Friday was a day of firsts.
It was the first time in 70 years that USC’s commencement had taken place at the Los Angeles Memorial Coliseum — complete with a lit torch.
It was also the first time that two separate graduating classes had shared a commencement. And it was the first time many of the graduates had seen each other in person in over a year due to the COVID-19 pandemic.
“Here at USC, I am inspired daily by the courage and perseverance I see,” President Carol L. Folt said. “I’ve been deeply moved as I’ve watched you discover new opportunities to contribute and grow, even during these difficult times.
“Whatever its impact, COVID didn’t derail or defeat you, and it certainly didn’t define you. You wouldn’t let it, and we wouldn’t either.”
Friday morning’s event kicked off a week of commencement ceremonies for USC’s classes of 2020 and 2021. It followed a full day of online ceremonies, featuring over 20 celebrations for the university’s individual schools.
About 1,500 students were on the field of the Coliseum as roughly 3,000 family members and friends watched from the stands. Even more watched from across the globe via the livestream.
Bina Venkataraman praises USC grads for overcoming adversity
Perseverance was a consistent theme throughout Friday morning’s ceremony, from President Folt to the classes’ valedictorians to Bina Venkataraman, editorial page editor at The Boston Globe and USC’s 2021 commencement speaker.
“I don’t think anyone can doubt what you are capable of now,” Venkataraman said. “More than any generation in recent memory, you’ve overcome trauma and adversity to get to this moment. The trauma and adversity of world events — a global pandemic, for one — and the trauma and adversity of your inner worlds.
“You’ve been forged in the fire of history.”
Venkataraman told the graduates to use all of the talent, knowledge and hard work that got them to this point to create real change.
She spoke about her experiences as a young journalist, taking on the late Sen. Ted Kennedy after he shot down a proposed offshore wind farm. The senator — furious about the story Venkataraman had written — called just about every editor at the paper, but she refused to back down. She was confident in the work she had done, and that gained the respect of her colleagues and editors.
“The way I found the courage to stand up for myself was by standing up for something larger; my courage came from wanting people to know the truth,” she said. “Courage still doesn’t always come easily to me, but I’ve discovered that I can find it in myself when I know I am fighting a good fight.”
2020 and 2021 valedictorians stress the need to build a better future
In a ceremony ripe with firsts, perhaps one of the most important was the university’s first Black valedictorian, the Class of 2021’s Tianna Shaw-Wakeman.
“To me, this revelation stands as a testament, albeit small, to both how far we’ve come as an institution, as a country, and how far we have to go,” she said.
Shaw-Wakeman — whose mother is Black and father is white — spoke about the discrimination her parents faced when they got married just over 25 years ago and the work that still must be done to combat and root out racism. She encouraged her fellow Trojans to fight for a better world, whether that’s fighting racial injustice or for a more sustainable future.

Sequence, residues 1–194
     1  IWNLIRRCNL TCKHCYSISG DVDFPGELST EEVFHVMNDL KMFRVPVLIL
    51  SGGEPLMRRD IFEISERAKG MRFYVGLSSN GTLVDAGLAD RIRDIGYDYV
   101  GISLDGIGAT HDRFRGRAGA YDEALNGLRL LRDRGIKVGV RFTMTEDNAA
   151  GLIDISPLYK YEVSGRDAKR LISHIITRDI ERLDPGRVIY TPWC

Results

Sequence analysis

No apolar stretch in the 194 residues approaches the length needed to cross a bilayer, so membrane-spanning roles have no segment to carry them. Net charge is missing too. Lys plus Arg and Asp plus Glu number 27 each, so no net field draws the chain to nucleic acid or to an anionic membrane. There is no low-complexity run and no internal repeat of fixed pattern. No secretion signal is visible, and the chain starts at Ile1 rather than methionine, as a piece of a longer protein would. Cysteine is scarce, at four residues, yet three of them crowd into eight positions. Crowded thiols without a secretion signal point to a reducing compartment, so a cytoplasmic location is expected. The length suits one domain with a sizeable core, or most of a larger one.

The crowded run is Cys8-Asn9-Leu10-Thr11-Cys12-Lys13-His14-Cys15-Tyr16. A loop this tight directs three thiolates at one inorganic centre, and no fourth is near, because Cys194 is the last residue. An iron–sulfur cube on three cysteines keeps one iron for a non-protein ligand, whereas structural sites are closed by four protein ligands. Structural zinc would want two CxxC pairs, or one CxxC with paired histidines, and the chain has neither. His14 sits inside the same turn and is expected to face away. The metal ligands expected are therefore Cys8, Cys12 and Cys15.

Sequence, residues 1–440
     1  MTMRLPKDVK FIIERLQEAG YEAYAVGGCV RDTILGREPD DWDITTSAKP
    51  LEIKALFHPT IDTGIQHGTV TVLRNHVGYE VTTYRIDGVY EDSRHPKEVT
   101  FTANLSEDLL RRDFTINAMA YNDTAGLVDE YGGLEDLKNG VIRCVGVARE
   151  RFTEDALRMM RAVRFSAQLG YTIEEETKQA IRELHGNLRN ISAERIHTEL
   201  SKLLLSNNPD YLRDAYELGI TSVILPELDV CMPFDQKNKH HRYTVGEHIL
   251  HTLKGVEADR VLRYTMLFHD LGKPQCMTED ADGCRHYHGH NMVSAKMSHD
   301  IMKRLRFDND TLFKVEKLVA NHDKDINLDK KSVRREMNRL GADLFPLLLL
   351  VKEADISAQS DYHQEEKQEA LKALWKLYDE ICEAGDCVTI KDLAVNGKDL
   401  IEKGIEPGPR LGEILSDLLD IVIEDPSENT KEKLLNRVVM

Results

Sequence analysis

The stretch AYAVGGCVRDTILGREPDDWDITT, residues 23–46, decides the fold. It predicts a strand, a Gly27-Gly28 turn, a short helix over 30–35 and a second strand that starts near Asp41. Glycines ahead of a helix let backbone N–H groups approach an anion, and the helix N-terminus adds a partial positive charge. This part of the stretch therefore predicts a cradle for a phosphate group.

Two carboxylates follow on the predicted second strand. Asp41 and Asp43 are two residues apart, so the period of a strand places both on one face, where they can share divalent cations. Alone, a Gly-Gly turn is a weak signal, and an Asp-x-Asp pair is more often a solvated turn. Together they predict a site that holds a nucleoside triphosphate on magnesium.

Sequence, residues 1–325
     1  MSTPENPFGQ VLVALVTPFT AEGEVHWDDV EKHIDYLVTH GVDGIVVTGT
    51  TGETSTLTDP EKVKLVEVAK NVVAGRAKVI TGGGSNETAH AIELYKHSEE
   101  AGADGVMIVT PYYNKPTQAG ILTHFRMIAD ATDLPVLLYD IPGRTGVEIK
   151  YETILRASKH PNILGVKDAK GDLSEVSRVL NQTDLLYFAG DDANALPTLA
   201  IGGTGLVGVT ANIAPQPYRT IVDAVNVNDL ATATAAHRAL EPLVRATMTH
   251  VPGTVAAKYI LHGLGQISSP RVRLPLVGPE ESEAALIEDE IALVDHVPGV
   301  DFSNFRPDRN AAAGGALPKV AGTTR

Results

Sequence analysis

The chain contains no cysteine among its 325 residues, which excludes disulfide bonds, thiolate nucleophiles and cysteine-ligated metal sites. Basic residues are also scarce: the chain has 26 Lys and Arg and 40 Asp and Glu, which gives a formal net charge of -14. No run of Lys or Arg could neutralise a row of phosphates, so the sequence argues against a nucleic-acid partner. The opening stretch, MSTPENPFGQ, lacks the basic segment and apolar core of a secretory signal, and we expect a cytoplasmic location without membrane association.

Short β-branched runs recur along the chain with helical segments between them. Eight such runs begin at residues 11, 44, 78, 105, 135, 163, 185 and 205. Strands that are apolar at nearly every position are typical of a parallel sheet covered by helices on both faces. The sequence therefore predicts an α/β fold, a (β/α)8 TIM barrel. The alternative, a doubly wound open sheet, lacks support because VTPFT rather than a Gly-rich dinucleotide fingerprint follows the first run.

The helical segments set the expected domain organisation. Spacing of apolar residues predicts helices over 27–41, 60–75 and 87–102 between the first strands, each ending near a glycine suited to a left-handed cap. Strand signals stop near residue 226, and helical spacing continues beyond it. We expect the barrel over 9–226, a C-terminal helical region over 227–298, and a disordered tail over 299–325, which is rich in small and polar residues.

“This past year, in the midst of COVID-19, we experienced how quickly and ferociously hate can spread and become its own pandemic — but we can choose not to be a part of it,” she said. “In our future careers, future families and future relationships, we can choose to use the best parts of ourselves to see the best parts in everyone else.”
Friday’s event also saw the return of 2020 valedictorian Isabella Hauptman, who earned her master’s degree in biostatistics and epidemiology with the Class of 2021. Hauptman spoke about an idea that has come up a lot over the past year: a return to normalcy.
Though Hauptman said she too wants a day when the world seems normal again, this idea of “returning” is misguided.
“In my humble opinion, we should be less focused on returning, and more focused on arriving. On creating. On progressing. On healing,” she said. “Last year, I asked us to identify our values and reconcile them with our responsibilities to each other, and now as we graduate, we are uniquely positioned to create a future that can more appropriately and accurately embody these values.”
USC president preaches optimism at 2021 commencement
The event combined elements of USC’s traditional main graduation ceremony with those of individual school and college ceremonies. After the speakers, graduates proceeded to the stage to have their names announced and their photos taken while their images were projected on stadium screens and streamed online. Due to distancing requirements, hooding ceremonies for doctoral candidates will take place in the future when restrictions are lifted.
“What you’ve been through over the past year has prepared you to excel and lead,” Folt said. “You’re dreamers and doers, pioneers and trailblazers, visionaries and change agents.
“You make me optimistic about the future.”
Commencement ceremonies will continue at 8 a.m. and 3:30 p.m. daily through Thursday; each will be streamed online and also can be viewed later. A full schedule of the commencement ceremonies is available on the university’s commencement website.
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